California State Park Rangers
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The first park ranger in the world was appointed in California in 1866. Galen Clark was chosen as "Guardian of Yosemite," at what was then Yosemite State Park, and the concept of rangers to protect and administer America's great nature parks was born. The tradition continued in 1872 with the establishment of the first national park at Yellowstone. From the earliest days, park rangers have been romanticized; they are explorers, outdoorsmen, tree lovers, animal protectors, police officers, nature guides, and park administrators. The park ranger has become an American icon, whose revered image has maintained itself to this very day.
and residence is the building to the left of the California Redwood Park entrance sign. This was the south entrance to the park. Many parks still have rangers living in them to provide visitor services and protection on a 24-hour basis. The Big Basin warden’s office was the center of park operations. Two of the men sitting on the platform are thought to be an early warden and assistant warden. Most likely, it would have been William H. Dool, who served as warden from 1911 to 1931, and assistant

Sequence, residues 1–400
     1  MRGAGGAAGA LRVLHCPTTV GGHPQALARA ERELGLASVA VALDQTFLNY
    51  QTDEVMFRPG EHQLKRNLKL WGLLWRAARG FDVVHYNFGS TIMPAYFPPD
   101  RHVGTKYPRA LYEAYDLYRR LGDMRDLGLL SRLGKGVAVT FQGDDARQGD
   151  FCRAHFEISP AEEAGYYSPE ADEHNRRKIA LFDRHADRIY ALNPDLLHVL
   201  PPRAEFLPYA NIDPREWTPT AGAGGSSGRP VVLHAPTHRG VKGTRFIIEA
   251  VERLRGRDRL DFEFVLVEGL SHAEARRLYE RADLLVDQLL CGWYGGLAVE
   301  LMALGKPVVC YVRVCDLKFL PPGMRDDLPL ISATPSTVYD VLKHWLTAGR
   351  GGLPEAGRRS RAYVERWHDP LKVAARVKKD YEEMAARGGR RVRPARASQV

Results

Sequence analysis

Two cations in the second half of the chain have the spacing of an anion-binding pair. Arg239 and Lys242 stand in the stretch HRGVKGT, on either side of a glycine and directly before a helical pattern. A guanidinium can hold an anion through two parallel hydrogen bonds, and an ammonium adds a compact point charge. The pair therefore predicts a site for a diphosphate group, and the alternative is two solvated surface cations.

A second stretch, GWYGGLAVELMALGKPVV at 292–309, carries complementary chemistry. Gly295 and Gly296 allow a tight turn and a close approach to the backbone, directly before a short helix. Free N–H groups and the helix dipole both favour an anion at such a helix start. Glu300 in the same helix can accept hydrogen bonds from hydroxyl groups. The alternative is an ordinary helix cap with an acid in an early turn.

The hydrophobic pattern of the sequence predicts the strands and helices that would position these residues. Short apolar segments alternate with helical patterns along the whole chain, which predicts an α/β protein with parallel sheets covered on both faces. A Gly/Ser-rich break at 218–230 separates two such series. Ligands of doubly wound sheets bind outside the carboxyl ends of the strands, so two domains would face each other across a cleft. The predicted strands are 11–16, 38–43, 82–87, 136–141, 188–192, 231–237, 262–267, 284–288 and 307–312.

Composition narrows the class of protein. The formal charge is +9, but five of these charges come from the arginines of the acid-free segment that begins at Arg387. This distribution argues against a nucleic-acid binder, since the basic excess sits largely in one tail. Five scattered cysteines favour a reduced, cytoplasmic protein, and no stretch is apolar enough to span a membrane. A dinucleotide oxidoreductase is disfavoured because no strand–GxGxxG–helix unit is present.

ranger Sharon Gillian, who was shot and wounded on December 10, 2002, while citing an illegal camper at Henry Cowell Redwoods State Park. This was the first shooting of a state park ranger on record. The suspect was apprehended. State parks director Ruth Coleman said, “This is a startling reminder of the dangers faced by our rangers on a daily basis in patrolling the largest state park system in America.” (Courtesy of CSP.) Eight RANGERS, CELEBRITIES, AND NOTABLES RUBBING ELBOWS WITH THE STARS
Douglas (left) is a famous professional wrestler who has starred in several films, including The Mummy Returns and The Scorpion King. Luckily for ranger Danny Duarte, The Rock seems friendly enough, and Duarte apparently did not have to “go to the mat” with the star. (Courtesy of CSP.) Cycling super star Lance Armstrong poses with a group of rangers at Russian Gulch State Park in the spring of 2006. Pictured are, from left to right, Patrick Freeling, Lance Armstrong, Mike Gleckler, Natalie Lohi,
the park movement, both in California and the nation. In 1919, he became the first executive director of the Save-the-Redwoods League, responsible for the establishment of many of the early redwood parks. Drury would later serve as director of the National Park Service and chief of the California Division of Beaches and Parks from 1951 to 1959. (Courtesy of CSP.) Another outstanding figure in the park movement was Joseph R. Knowland (left). In 1921, Knowland was appointed to the Mount Diablo
lifeguards (who are full state peace officers) oversee rescue, medical aid, law enforcement, and other visitor services operations at many state beaches. Robert J. “Bob” Isenor was hired as the first state park lifeguard in 1950. He is considered the father of the state park lifeguard service. Isenor was responsible for building the lifeguard program. He was instrumental in many improvements, including covered lifeguard towers, rescue boats, and dispatch services. Isenor passed away on June 6,